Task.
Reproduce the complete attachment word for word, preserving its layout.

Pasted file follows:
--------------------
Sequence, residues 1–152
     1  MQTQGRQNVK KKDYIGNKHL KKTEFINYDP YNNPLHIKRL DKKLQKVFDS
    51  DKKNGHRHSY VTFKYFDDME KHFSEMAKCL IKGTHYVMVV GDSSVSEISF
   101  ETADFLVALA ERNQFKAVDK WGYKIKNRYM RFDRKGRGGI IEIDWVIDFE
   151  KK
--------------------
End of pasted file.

Sequence, residues 1–152
     1  MQTQGRQNVK KKDYIGNKHL KKTEFINYDP YNNPLHIKRL DKKLQKVFDS
    51  DKKNGHRHSY VTFKYFDDME KHFSEMAKCL IKGTHYVMVV GDSSVSEISF
   101  ETADFLVALA ERNQFKAVDK WGYKIKNRYM RFDRKGRGGI IEIDWVIDFE
   151  KK